The blue light part of your business
We all now live in a blue light world. But, when you’re in business, electronic blue light exposure is greater because of the increased time spent interacting with digital devices. There’s no question that smartphones, computers, laptops, tablets, e-readers and video are integral to running any business. However, they also have their dark side.
What’s blue light?
Blue light is what allows you to see and process your digital screen imagery.
Digital light is based on the electromagnetic spectrum of visual colors. At the high end of visibility is blue light. It has a very short wavelength but high in energy transmission as opposed to longer, slower wavelength of red.
In any electronic device, and including fluorescents and LED bulbs, the blue high-energy wavelength flickers (pulses so quickly that it appears constant). According to Blue Light Exposed, “This kind of flickering creates a glare that can reduce visual contrast and affect sharpness and clarity.”
The benefits of blue light
The benefit of blue light exposure is increased productivity due to better attention span, alertness, reaction time, quality of mood and reducing sleepiness.
Blue light exposure just like natural daylight helps to reset your internal circadian rhythm. Circadian rhythm is a 24-hour biological cycle, where a portion is allocated for sleep and different organs function at optimum or resting stages. A decrease in natural daylight or blue light exposure signals an increase in the hormone melatonin, secreted by the pineal gland in the brain. The presence of melatonin is necessary to activate sleep. With daylight or blue light exposure, the effect of melatonin decreases until it cycles back to its sleep mode.
The dark side of blue light
Among the negative aspects of blue light is its disruption of the circadian rhythm cycle. While blue light allows you to be more productive with longer exposure to a synthetic daylight, it delays melatonin release. Subsequently, the length of the sleep cycle is shortened with a possible sleep deprivation effect.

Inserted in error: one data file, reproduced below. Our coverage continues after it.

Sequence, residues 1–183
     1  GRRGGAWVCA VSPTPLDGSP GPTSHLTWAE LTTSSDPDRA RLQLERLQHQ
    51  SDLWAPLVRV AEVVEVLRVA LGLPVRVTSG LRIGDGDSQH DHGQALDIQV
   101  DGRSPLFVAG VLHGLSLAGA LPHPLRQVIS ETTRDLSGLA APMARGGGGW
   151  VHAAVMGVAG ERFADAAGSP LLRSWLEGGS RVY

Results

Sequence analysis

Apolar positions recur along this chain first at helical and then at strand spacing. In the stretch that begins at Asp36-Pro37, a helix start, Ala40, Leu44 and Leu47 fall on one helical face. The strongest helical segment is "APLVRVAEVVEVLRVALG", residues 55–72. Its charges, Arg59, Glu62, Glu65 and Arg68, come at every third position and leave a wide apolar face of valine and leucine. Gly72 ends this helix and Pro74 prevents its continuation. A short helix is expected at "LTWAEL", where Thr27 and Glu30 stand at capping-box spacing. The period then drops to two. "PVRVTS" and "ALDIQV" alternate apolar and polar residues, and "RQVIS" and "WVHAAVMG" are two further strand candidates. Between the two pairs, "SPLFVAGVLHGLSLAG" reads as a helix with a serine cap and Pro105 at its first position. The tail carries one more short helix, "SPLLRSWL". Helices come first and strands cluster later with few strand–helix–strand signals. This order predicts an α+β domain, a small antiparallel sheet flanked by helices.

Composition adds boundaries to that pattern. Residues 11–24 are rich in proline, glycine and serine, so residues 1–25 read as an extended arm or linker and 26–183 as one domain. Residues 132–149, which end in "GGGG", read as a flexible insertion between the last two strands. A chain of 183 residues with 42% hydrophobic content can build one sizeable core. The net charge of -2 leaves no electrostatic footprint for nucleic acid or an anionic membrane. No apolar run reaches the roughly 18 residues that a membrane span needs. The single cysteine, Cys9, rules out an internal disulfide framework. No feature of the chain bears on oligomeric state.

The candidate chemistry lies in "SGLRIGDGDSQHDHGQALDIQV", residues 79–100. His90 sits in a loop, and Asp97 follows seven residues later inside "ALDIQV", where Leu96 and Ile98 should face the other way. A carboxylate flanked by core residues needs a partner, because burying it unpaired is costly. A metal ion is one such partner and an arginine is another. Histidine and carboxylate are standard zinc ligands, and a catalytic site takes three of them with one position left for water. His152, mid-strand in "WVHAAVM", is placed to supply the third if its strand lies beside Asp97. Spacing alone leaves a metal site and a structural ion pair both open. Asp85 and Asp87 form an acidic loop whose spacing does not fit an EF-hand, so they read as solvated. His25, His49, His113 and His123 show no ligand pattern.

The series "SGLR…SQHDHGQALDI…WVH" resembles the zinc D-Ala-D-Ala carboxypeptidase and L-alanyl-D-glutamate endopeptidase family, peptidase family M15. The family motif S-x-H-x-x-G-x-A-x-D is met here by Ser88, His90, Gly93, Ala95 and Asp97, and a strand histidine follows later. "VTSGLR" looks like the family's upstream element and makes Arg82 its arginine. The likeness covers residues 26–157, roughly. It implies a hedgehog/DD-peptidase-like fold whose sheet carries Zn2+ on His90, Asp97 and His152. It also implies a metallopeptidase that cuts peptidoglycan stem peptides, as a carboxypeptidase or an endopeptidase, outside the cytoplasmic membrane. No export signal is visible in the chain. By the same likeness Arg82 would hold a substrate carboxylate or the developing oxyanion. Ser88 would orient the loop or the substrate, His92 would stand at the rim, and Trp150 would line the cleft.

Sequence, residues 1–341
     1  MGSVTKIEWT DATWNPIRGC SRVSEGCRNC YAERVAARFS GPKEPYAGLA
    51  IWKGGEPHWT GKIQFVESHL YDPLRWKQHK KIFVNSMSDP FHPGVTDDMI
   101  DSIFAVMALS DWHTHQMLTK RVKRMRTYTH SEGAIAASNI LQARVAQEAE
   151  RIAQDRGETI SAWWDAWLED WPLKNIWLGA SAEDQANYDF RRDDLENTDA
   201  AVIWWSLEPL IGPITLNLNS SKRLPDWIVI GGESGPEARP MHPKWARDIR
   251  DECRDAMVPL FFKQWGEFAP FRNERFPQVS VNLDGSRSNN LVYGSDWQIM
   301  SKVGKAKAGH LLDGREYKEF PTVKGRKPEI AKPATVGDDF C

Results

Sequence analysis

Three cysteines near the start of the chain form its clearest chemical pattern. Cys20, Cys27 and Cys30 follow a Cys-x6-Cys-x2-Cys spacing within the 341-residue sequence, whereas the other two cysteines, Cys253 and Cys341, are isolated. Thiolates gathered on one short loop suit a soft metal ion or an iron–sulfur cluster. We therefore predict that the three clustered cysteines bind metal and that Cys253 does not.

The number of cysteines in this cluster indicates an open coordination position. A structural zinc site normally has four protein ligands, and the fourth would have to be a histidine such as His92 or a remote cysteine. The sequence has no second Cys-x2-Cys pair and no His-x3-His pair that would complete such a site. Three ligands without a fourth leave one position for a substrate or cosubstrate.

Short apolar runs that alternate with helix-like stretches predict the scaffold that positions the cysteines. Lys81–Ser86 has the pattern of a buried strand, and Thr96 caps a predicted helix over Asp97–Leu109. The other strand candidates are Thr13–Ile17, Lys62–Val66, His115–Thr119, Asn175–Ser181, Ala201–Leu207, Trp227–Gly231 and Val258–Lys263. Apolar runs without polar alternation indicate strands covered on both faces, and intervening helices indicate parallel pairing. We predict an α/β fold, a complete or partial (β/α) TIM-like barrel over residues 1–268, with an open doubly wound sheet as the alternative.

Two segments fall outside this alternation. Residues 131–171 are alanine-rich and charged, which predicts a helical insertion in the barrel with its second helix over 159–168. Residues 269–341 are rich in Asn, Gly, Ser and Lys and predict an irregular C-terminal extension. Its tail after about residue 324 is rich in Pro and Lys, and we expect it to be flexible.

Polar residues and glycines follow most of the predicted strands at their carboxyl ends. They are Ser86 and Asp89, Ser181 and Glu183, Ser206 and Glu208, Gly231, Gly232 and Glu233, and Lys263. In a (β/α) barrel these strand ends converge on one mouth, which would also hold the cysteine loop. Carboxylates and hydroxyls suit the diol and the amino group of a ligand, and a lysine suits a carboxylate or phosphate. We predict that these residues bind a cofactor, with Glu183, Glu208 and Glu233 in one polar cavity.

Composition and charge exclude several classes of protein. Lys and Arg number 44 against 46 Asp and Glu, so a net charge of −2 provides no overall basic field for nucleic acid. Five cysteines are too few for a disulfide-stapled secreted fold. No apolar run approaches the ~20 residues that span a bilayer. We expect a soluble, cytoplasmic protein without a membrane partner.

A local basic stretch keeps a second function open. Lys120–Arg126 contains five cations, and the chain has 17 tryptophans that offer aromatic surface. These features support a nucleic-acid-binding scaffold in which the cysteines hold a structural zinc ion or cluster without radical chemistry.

The rest of the bad news includes the detrimental effect on the eyes: eyestrain, dryness and irritations, cataracts, and macular degeneration.
“The retina is a very thin, multi-layered tissue covering the inner eyeball. The retina can be harmed by high-energy visible radiation of blue/violet light that penetrates the macular pigment found in the eye. A low macular pigment density may represent a risk factor for age-related macular degeneration by permitting greater blue light damage to the retina.” (Blue Light Exposed)
Researchers also attribute the related conditions of – head, neck, and back, aches and pains, breast and prostate cancer, heart disease, diabetes, obesity, and depression.
It’s recommended that you shut down all electronic devices and including TV at least two hours before going to bed. This allows for melatonin secretion to begin. Also suggested is
- healthy eating
- exposure to natural light
- regular sleeping pattern
- limiting screen time to 20-minute intervals
- keeping screens clean
- adjust your screen to proper viewing height
- use screen a glare filter
- increase font size
- nearby lights should be dim
- blink often to prevent dryness
If you have to continue to work on your computer, there is a free download for both Windows and Mac, that synchronized your computer screen emission to your actual location and time-of-day. It automatically reduces your blue light exposure by increasing a subtle, and softer light emission.
The details are here at https://justgetflux.com. I’ve installed it on my laptop and noticed a difference as I continue to write into the night. The font color and style remain clear, but the background is now a soft gray
If you really want to get into this, the fluxometer diagram below graphically demonstrates the amount of blue light from various devices. The profile featured here is for the iPadPro with age set at 32. You’ll note on the lower left is an age scale, which you can set to see how it affects you personally. The right side menu also allows you to see the emission quality of other devices.
I’ve also found this YouTube video by Daniel Vitalis with an overview and mention of special eyewear that is available (Oakley Radar Ranger and Gunner). However, the exception for users would be any designers working with color and light elements.
I realize this might all be new to you, but do you have any first impressions about your blue light experience?
Computer image – Pixabay 690672
Fluxometer – Creative Commons Attribution 4.0 International License